An op-ed that ponders if U.S. tax dollars could be better served elsewhere when taking in to account the relative ineffectiveness of border walls throughout history…
by: Bonnie Wilkins Overcott
President Trump’s continued insistence that The United States needs a wall along its southern border to keep the country safe made me curious just how effective border walls are. Without that wall, President Trump says, rapists, gang members and terrorists will flood the country with drugs and murder the innocent at will. Throughout human history, the wealthy and powerful have built walls to keep marauders out and to protect their precious money and lives. The rubble of ancient walls and barriers that are found scattered around the world are a monument to people attempting to keep others out.
Perhaps the most famous wall is the Great Wall of China, a wall so massive it is visible from space. Possibly inspired by China’s Great Wall, President Trump campaigned in 2016 on the idea of building a massive border wall, one that you could imagine he would brand the “Great Wall of Trump.” The 13,000 mile long Great Wall of China never effectively prevented invaders from entering. Conceived by Emperor Qin Shi Huang and built over hundreds of years beginning in the third century, BC, the Great Wall of China averages twenty to twenty-three feet high with guard towers spaced at regular intervals. Around 1474, construction on the Great Wall of China, as we know it, began in earnest. However, its presence didn’t stop the Manchus from broaching the wall and conquering China in the 1600s, setting up the Qing Dynasty to rule for 250 years.
The Walls of Troy in Turkey withstood ten years of attacks by the Greeks memorialized by Homer in The Iliad and The Odyssey. Archeologists found nine Troys built on top of each other. Every time a town was destroyed, a new one was built on top of it. The sixth from the bottom is thought to be Homer’s Troy penetrated by the Trojan Horse. Yet another example of a wall failing to prevent intruders from entering.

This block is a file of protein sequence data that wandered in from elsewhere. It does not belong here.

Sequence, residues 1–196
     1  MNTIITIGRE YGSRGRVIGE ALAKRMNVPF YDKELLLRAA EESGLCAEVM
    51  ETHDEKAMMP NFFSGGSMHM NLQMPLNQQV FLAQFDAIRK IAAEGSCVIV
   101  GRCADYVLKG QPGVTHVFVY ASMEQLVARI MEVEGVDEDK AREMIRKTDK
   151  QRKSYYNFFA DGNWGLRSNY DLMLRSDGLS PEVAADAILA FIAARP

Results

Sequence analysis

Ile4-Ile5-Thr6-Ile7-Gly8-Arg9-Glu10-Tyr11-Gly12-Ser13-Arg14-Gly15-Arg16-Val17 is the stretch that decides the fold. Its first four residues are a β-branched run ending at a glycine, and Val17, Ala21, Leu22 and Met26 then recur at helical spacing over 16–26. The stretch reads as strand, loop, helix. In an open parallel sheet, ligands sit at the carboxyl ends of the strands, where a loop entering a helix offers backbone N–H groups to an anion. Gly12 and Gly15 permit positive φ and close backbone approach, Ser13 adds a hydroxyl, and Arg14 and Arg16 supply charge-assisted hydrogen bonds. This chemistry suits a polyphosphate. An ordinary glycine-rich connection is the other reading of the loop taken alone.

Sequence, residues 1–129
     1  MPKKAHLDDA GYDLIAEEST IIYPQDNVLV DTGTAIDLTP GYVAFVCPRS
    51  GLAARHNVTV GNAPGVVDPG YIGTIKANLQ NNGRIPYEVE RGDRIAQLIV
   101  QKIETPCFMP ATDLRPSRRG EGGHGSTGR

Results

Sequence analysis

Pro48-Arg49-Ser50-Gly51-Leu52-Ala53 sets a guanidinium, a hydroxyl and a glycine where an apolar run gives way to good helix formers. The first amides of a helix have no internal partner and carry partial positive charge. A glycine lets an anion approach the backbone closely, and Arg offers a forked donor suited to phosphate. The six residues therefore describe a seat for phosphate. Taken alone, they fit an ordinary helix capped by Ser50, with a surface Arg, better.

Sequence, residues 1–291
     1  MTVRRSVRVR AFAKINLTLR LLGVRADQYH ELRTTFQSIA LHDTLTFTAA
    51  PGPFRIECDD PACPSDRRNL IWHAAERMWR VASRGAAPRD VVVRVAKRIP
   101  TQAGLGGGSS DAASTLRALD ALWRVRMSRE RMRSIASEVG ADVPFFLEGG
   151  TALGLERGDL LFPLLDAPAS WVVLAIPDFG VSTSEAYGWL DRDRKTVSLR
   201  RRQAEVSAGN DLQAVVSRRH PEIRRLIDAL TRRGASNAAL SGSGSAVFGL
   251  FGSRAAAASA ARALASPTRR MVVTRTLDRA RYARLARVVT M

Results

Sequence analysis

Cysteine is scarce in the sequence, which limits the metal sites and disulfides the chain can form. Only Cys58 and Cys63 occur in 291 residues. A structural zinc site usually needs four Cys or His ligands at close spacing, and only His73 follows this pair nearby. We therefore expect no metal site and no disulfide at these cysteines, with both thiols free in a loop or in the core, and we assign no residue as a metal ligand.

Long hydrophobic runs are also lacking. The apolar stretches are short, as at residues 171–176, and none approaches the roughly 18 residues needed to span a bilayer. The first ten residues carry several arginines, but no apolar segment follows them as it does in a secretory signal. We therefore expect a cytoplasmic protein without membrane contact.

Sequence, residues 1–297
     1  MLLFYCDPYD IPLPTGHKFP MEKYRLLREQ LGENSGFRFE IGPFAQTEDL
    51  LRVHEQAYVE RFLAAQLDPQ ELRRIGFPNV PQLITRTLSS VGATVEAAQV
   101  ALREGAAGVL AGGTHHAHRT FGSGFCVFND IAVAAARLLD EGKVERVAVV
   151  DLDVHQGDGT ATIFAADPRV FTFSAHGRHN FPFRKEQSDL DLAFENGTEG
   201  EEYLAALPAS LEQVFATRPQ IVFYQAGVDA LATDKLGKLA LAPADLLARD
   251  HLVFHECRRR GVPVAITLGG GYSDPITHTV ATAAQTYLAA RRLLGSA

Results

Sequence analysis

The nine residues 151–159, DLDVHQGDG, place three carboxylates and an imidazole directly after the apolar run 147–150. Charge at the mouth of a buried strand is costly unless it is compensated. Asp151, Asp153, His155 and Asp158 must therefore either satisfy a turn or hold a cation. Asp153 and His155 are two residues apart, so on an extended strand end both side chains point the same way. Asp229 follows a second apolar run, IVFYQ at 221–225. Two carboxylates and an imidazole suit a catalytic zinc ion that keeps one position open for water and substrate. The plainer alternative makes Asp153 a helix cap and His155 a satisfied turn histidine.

Hadrian’s Wall, named for the Roman emperor Hadrian, was built in England and consisted of seventy-three miles of walls, forts, and gates with guard posts. The wall was fifteen feet high and ten feet wide, and too failed to get the job done. Built around AD 122, Hadrian’s Wall marked the northern limit of Britannica, separating the barbarians from the Roman Empire. Around AD 180, marauding tribes breached the wall and murdered the general and troops guarding the wall’s fort. Eventually the Romans left Britain and the stones in Hadrian’s Wall were taken to build castles, churches, houses, and other buildings until the 18th century when it was decided to preserve what was left.
The Walls of Ston in Croatia, with its series of defensive forts and towers, are one of Europe’s longest. Started in 1333 and taking around 400 years to build, it protected the city of Dubrovnik and its salt pans from marauding hordes. Dubrovnik has been producing salt for 4,000 years and the Walls of Ston, sixteen to thirty-two feet high, were never destroyed by invaders. The walls were last used defensively in the 19th Century by the Yugoslav army and are an example of the rare case where a walled system worked.